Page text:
Right Wing identity politics in the Obama era should not surprise anyone

Right Wing Identity Politics

by digby

Adam Serwer has written a good post today about Obama and political identity. It hits many of the same points Will Bunch hit in his post from last night about white privilege and the threat of "the other." I think this discussion is vitally necessary for liberals and progressives to have in order to understand what's happening in our culture right now.

Serwer flags this post from John Hinderacker at Powerline who take umbrage at the AP for noting that large numbers of Americans incorrectly identify Obama as a Muslim:
I love that "incorrectly." The AP has evolved into an opinion machine, so it's rare and a little startling to see it stand up so boldly for a "fact." He's not a Muslim, dammit!
I guess that would freak me out a bit more if there wasn't precedent for right wingers cheering the ignorance of their followers. I can't help but be reminded of this gem from 2003:

even if the Washington Post thinks they're just MidEast-phobic: 70 percent believe Saddam Hussein was tied to 9/11.

Posted at 07:45 PM
That whole "reality based community" thing didn't come out of nowhere. But Hinderacker has an explanation for why it's ok to believe that Obama is something that he isn't:

The second factor, I think, is Obama's effort to project a post-American, above-America persona. Obama postures as a citizen of the world who has graced America by condescending to be our President and to instruct us. Some liberals accept this posturing gratefully, but most Americans don't. Obama has defined himself as literally exotic. Small wonder that some Americans attribute exotic qualities to him. We're not sure who he is, exactly, but he certainly isn't one of us. Given the currents that swirl through world events these days, being a Muslim is one interpretation of Obama's exoticism. Those who construe Obama in this way may well be wrong, but it is not hard to understand why they interpret his aloof non-Americanism in this way.
Hinderacker is a clever fellow, but this alleged anti-American exoticism is more of a convenient (if thoroughly neanderthal) excuse for traditional right wing tribalism, which is largely based on the notion that they are under seige by "lesser" people, who are simultaneously tremendously powerful. It's also called know-nothingism and along with the repression of women and worship of the wealthy, it's their raison d'etre.

Right now that tribe is obviously feeling threatened by any number of things, although I would guess that it's not only the loss of their white privilege but a sense of tribal failure in general. At some point you have to look around and realize that the culture is radically changed and is likely to stay that way. And, like many people who feel displaced and betrayed, they blame "the other" rather than question their own assumptions and identity.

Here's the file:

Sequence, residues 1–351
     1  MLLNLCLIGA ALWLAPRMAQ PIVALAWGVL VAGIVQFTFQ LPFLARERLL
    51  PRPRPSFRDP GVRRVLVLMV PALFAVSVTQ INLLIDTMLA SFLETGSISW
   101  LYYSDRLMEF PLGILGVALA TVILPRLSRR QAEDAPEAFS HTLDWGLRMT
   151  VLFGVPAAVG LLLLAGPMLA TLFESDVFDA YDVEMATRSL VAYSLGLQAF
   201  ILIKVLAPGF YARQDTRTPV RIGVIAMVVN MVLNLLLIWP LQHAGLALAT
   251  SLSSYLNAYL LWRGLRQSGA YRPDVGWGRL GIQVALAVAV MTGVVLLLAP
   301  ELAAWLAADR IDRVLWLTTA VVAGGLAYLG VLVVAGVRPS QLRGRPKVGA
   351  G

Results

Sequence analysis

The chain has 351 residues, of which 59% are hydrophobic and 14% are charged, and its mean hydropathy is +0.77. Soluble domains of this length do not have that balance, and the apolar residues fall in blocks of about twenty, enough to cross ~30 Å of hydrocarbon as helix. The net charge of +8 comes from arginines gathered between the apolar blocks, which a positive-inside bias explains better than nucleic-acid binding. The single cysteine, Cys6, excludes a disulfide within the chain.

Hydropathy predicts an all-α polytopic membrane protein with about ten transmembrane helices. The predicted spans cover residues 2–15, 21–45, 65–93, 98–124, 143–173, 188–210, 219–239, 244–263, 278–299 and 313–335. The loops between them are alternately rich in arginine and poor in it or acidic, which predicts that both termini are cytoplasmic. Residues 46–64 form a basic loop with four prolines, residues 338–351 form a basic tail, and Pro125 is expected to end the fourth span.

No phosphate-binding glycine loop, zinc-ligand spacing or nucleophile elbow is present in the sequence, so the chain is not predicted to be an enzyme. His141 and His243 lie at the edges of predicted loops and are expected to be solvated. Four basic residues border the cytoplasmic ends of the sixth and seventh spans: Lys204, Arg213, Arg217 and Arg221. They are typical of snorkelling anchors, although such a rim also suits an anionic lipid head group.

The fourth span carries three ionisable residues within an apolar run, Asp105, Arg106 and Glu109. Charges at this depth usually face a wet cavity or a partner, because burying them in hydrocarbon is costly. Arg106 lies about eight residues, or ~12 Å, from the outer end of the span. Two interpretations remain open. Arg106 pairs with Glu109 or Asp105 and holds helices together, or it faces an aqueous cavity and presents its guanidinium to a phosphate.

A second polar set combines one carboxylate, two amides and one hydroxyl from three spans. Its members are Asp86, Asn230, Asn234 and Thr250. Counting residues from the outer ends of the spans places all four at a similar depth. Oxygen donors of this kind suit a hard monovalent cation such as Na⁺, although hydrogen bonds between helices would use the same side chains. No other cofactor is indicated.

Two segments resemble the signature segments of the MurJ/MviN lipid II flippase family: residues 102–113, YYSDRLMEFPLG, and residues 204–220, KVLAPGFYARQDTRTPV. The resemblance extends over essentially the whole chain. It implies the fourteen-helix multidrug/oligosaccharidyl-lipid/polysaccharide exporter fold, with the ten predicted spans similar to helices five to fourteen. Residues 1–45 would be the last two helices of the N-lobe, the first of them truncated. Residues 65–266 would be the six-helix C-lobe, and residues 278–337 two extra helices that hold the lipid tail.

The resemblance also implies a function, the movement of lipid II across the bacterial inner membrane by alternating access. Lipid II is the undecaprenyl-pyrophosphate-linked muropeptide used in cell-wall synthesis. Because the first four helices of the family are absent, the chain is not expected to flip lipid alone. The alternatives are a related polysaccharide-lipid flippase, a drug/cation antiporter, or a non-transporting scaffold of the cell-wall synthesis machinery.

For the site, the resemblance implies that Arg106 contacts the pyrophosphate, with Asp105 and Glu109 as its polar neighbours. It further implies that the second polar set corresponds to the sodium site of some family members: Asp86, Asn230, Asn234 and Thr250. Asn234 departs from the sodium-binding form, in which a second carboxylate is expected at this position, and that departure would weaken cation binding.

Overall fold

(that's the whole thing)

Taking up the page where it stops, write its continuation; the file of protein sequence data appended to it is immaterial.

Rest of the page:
This reaction is human, but then humans are often stupid and immoral, so that doesn't excuse it. And when it comes to scapegoating innocent people and making ethical errors of this magnitude, it can't be sanctioned. Even if you can understand that people don't want to blame their own tribe for their problems and that their feelings are very raw, America in 2010 simply cannot properly function if these impulses are socially tolerated.

Simply put, it is not an accident or a coincidence that the right is attacking African American institutions, Hispanic immigrants and American Muslims in the wake of the election of the first black president. As Serwer wryly points observes about the growing willingness to call Obama Muslim as if it were an epithet:

"In a less politically correct time they probably would have used a different word."

Indeed. When you rub off the veneer of this very recently formed religious bigotry, you find the same old All American impulses. And catering to those impulses never, ever did anyone any good. There is no compromise possible. As Lincoln said at Cooper Union on the eve of an earlier tribal battle:
What will convince them? This, and this only: cease to call slavery wrong, and join them in calling it right. And this must be done thoroughly - done in acts as well as in words. Silence will not be tolerated - we must place ourselves avowedly with them. Senator Douglas' new sedition law must be enacted and enforced, suppressing all declarations that slavery is wrong, whether made in politics, in presses, in pulpits, or in private. We must arrest and return their fugitive slaves with greedy pleasure. We must pull down our Free State constitutions. The whole atmosphere must be disinfected from all taint of opposition to slavery, before they will cease to believe that all their troubles proceed from us.

Think about what it is they really want us to do today. And then recognize that they will settle for nothing less than our complete and total capitulation. We must cease to call racial, ethnic and religious bigotry wrong and join them in calling it right and it must be thoroughly done in acts as well as words. We must place ourselves avowedly with them.

Or we fight it. This time we can assume that it probably won't turn violent, at least on any massive scale. But these dark impulses cannot be finessed and they can't be compromised with. It's the story of our country. It just takes on new disguises to fit the times.

Update: Exhibit 78,439